LONDON – Two men demanded $100,000 from a member of the British royal family to hand over video and audio recordings containing "scandalous and disparaging" allegations against him and other royals, prosecutors said Tuesday.
Prosecutor Mark Ellison said one audio recording included a royal aide "apparently asserting that the member of the royal family who employed him had performed an act of oral sex on him."
Ian Strachan, 31, and Sean McGuigan, 41, are on trial at London's Central Criminal Court charged with attempted blackmail. A court order bars journalists from identifying the victim or any witnesses in the case.
The royal was identified in court only as Witness A.
Ellison told the jury that Strachan and McGuigan claimed they were not motivated by money but were acting out of concern for the royal's reputation. But he said they tried to sell the material on the recordings to British newspapers for as much as $400,000.
When the newspapers declined to pay, the men approached the royal seeking money in return for handing over the recordings, Ellison said.
The prosecutor said that while McGuigan in particular was coy about discussing money, "when you consider what they each said and did as a whole ... the evidence proves that they were both together engaged in blackmail."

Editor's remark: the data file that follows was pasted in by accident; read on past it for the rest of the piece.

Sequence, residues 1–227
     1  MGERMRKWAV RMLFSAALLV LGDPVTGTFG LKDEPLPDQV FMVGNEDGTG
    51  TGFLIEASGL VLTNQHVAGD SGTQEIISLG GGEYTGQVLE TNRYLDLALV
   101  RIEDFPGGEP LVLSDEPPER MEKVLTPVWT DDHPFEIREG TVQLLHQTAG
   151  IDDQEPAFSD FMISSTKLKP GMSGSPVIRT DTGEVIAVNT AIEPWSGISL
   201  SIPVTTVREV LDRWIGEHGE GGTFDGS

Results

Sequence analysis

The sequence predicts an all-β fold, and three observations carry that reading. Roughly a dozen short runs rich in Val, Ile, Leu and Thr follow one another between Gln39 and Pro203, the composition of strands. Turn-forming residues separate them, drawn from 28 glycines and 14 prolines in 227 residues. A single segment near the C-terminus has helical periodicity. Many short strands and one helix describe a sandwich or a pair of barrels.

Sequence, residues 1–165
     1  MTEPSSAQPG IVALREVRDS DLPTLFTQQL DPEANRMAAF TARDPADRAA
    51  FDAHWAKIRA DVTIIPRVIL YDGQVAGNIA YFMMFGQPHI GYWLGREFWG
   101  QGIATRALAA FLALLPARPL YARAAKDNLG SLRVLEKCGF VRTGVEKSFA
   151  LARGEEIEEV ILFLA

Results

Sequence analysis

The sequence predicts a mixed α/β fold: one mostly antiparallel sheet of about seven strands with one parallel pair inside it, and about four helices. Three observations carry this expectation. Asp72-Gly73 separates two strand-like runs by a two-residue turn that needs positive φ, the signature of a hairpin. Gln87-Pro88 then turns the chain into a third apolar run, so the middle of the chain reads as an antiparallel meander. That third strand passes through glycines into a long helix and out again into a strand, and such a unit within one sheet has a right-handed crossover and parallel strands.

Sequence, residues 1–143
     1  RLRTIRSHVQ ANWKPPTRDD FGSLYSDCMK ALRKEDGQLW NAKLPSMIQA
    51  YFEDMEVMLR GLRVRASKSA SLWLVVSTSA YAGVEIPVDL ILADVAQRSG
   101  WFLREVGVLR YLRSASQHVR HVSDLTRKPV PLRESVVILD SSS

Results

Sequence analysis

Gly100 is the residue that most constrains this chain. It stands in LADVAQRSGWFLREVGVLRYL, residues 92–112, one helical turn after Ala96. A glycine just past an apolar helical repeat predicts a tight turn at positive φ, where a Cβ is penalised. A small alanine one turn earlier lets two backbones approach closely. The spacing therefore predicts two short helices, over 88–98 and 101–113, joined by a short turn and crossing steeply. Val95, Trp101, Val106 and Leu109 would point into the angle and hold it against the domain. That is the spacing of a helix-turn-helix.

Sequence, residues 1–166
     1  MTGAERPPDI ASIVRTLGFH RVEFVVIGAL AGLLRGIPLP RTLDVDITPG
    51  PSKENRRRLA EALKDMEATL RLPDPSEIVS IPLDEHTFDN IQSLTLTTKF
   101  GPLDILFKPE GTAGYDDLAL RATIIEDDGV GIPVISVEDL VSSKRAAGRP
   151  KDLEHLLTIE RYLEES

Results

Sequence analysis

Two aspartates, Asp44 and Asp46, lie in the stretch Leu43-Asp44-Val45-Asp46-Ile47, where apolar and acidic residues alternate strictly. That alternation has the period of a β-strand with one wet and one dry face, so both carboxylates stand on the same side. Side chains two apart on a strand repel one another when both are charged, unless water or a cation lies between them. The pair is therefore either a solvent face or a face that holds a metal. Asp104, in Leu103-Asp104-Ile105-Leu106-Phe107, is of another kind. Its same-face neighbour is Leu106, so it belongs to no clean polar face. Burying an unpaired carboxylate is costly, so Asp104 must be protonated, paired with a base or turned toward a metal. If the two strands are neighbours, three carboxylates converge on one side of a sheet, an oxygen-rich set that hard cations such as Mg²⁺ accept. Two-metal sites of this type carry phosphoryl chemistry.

Buckingham Palace has refused to comment on the case, but British media have reported that the blackmail target was not a senior member of the royal family.
Ellison said Strachan and McGuigan were initially motivated by strong dislike of the royal aide, identified as Witness D. They covertly recorded eight hours of audio and video footage of him, much of it on a mobile phone.
In addition to the sex claim, the footage shows Witness D apparently taking drugs — at one point allegedly using a credit card to cut lines of cocaine — and making "various disparaging remarks about various members of the royal family," Ellison said.
Ellison said the aide also made "allegations of impropriety as to how his employer conducted aspects of his business."
Prosecutors say that, in the summer of 2007, after failing to sell their story to a newspaper, the defendants attempted to set up a meeting with the royal to hand over the tapes in return for money.
Amid the negotiations, the Metropolitan Police force was called in by the royal and his staff.
Strachan claimed in a conversation recorded by police that some of the material on the tapes "was very graphic and goes into a lot of detail."
He and McGuigan were arrested Sept. 11 in a police sting operation at a London hotel. An undercover detective posing as a royal aide contacted the alleged blackmailers and arranged the meeting at the London Hilton.
If convicted, the defendants face a maximum sentence of 14 years in prison.
The trial is expected to last a month.